During or when the rice is done cooking, you may want to check moisture levels. If you smell a hint of a burnt scent, your heat is too high! In this scenario, if the rice is cooked, remove from the heat. If it’s not cooked, lower the heat, and add water ½ cup at a time to continue the cooking process. If it’s too wet, leave the lid slightly ajar or off the pan entirely.

When the rice is done, fluff it with a fork and serve

Southern Macaroni and Cheese

Kosher salt and black pepper
1 pound elbow macaroni
2 cups whole milk
2 large eggs
4 cups shredded extra-sharp Cheddar (about 16 ounces)
1/2 cup unsalted butter (1 stick), melted
2 cups shredded Colby Jack (about 8 ounces)

Heat oven to 350 degrees. Bring a large pot of generously salted water to a boil. Add macaroni and cook according to package directions until a little under al dente, about 4 minutes. Transfer to a colander and rinse under cold water to stop cooking. Set aside.

In a large bowl, whisk milk and eggs. Add cooked macaroni, 2 cups extra-sharp Cheddar, melted butter, 1 1/2 teaspoons salt and 1/2 teaspoon pepper, and stir until well combined.

Add half the macaroni mixture to a 9-by-13-inch baking dish in an even layer. Sprinkle 1 1/2 cups Colby Jack evenly on top. Spread the remaining macaroni mixture on top in an even layer. Cover with aluminum foil, transfer to the middle rack of the oven and bake for 20 minutes.

Remove from oven. Carefully remove and discard the aluminum foil. Top the macaroni mixture with the remaining 2 cups Cheddar and ½ cup Colby Jack. Broil on top rack until cheese is browned in spots, 3 to 5 minutes. (The broiled cheese can go from golden to burnt fairly quickly, so keep a close eye on it.)

Remove from oven and let cool until the macaroni and cheese is fully set, 10 to 15 minutes. (The mixture may first appear jiggly, but it will firm up as it cools.) Serve warm.

Notes: Extra-sharp Cheddar adds tartness and a layer of Colby Jack creates a gooey, molten center. If you can’t find a Colby Jack blend, shredded mozzarella or a Mexican-style blend will work in its place.

New Orleans-Style Barbecued Shrimp

Shrimp
Diced shallots
Butter
Worcestershire sauce
Thyme
Paprika
Cayenne
Cream
Salt
Black pepper

Rice, green beans, and crusty bread for serving

Crank the oven to 450 degrees and make a sauce on the stovetop: diced shallots sautéed in butter, a healthy quarter-cup or so of Worcestershire, a little thyme, paprika and cayenne, some salt and then a whole lot more butter, cut into the pan a knob at a time and whisked into velvet.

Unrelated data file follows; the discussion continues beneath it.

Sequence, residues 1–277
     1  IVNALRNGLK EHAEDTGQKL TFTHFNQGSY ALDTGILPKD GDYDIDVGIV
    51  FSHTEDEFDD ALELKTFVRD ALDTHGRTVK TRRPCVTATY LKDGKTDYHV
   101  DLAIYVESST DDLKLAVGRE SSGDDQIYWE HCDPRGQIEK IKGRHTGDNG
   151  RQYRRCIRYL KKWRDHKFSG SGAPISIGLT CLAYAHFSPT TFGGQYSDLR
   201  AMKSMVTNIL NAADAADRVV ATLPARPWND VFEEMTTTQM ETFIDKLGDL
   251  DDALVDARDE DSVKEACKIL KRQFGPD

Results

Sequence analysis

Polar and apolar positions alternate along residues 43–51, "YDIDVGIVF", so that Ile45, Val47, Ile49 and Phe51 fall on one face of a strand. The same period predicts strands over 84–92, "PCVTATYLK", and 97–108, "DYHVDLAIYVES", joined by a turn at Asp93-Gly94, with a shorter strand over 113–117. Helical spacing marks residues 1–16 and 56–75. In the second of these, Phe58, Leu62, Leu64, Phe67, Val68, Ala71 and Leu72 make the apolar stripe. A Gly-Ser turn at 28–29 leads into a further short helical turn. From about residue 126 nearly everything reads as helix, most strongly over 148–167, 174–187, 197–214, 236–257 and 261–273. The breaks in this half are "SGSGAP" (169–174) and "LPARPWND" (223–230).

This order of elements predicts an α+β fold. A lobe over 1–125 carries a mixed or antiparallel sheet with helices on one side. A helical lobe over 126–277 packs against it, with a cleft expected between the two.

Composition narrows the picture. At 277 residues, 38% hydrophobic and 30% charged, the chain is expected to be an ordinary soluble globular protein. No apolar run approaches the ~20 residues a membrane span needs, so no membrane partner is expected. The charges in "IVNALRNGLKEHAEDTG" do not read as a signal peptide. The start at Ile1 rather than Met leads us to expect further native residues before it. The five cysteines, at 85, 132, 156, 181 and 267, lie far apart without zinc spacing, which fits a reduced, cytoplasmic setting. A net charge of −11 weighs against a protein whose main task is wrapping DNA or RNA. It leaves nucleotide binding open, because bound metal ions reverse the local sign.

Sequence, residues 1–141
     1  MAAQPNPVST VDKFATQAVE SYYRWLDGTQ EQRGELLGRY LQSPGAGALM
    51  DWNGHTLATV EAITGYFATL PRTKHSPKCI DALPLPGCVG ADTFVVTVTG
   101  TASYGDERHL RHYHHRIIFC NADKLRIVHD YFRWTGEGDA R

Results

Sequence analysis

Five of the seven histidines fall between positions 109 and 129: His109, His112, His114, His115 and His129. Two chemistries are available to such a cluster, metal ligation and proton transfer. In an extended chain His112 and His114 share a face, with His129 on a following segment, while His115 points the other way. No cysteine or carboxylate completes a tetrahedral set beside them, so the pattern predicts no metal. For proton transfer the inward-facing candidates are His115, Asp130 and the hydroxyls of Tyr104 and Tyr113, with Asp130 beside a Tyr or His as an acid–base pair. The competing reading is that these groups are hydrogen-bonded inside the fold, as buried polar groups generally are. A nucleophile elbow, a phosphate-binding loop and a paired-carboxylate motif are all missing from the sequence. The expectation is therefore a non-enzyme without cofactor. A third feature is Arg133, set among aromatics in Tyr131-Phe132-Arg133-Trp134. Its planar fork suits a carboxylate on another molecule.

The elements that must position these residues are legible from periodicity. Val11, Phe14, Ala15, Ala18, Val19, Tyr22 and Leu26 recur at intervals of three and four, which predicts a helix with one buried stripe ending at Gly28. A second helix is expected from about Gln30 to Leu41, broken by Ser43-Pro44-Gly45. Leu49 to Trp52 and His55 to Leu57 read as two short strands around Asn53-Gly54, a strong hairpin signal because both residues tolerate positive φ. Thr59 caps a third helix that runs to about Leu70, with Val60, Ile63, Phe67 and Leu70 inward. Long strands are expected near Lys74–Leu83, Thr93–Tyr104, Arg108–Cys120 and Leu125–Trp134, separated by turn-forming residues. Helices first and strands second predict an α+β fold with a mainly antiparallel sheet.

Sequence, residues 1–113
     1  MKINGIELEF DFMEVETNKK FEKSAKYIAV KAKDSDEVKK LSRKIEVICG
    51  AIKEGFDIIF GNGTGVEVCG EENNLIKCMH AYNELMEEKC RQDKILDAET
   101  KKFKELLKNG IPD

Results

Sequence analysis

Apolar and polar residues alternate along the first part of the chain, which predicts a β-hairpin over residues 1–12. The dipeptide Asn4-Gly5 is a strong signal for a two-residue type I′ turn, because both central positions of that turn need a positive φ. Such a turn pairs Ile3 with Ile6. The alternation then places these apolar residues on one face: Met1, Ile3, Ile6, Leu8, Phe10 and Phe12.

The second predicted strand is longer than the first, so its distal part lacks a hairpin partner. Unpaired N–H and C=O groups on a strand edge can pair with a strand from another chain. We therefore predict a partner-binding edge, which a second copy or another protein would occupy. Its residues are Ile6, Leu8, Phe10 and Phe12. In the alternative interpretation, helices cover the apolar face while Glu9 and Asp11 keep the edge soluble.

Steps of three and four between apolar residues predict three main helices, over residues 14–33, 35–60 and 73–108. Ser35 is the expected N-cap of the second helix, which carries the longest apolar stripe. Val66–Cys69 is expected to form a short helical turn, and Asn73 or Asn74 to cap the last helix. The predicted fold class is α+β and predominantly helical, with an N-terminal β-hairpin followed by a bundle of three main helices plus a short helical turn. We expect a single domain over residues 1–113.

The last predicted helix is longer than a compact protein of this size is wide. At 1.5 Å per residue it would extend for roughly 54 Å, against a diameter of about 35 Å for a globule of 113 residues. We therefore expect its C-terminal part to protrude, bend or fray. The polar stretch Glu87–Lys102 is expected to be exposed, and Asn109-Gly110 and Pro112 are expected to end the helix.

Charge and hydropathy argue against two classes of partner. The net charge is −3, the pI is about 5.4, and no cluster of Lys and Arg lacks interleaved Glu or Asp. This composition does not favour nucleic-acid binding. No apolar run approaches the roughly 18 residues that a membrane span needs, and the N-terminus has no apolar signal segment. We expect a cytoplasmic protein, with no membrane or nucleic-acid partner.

Add to that a splash of cream and a few more healthy cranks of black pepper.

Roast the shrimp on a greased pan in the oven under a shower of salt and yet more pepper, and serve it on a warm platter with the sauce spooned over the top. Rice, green beans and plenty of good, crusty bread for mopping up make it an ambrosial meal.

Roasted Fish with Soy, Ginger, and Scallions

White fish fillets
Soy sauce
Rice wine
Lots of grated ginger
Lots of chopped scallions
Chopped garlic (optional)
Sesame or chili oil (optional)

Rice and greens for serving

Buy a few fillets of the white-fleshed fish you like best, then put a sheet pan in a 425-degree oven and let it get hot.

Make a sauce in a small bowl: a few tablespoons of soy sauce for each one of rice wine or sherry, and a heap of minced or grated ginger, and plenty of thinly sliced scallions. You could put some garlic in there, if you like, and a dash of hot chile oil or sesame oil.

Salt and pepper the fish, then pull the hot sheet pan out of the oven and get some neutral oil on it. Add the fish to the hot pan carefully, put it in the oven and roast for a minute or so, then paint the sauce onto the fillets and cook for a minute or so longer, until the fish has just cooked through.

Serve with rice and greens.

Khichuri

1/2 cup mung dal (skinned and split mung beans)
1/2 cup Basmati rice
1 teaspoon Kosher salt
2 tejpatta (Sold in Indian grocery stores as “Indian bay leaf”)
6 cups water
1 Russet potato, cubed into 1″ pieces
1/2 head of a large cauliflower, cut into small florets
1/2 tablespoon freshly grated ginger
1 teaspoon cumin seeds
1 teaspoon Kosher salt
1/2 teaspoon turmeric
1 teaspoon cayenne pepper
1/2 cup freshly grated coconut (could substitute with unsweetened dessicated coconut)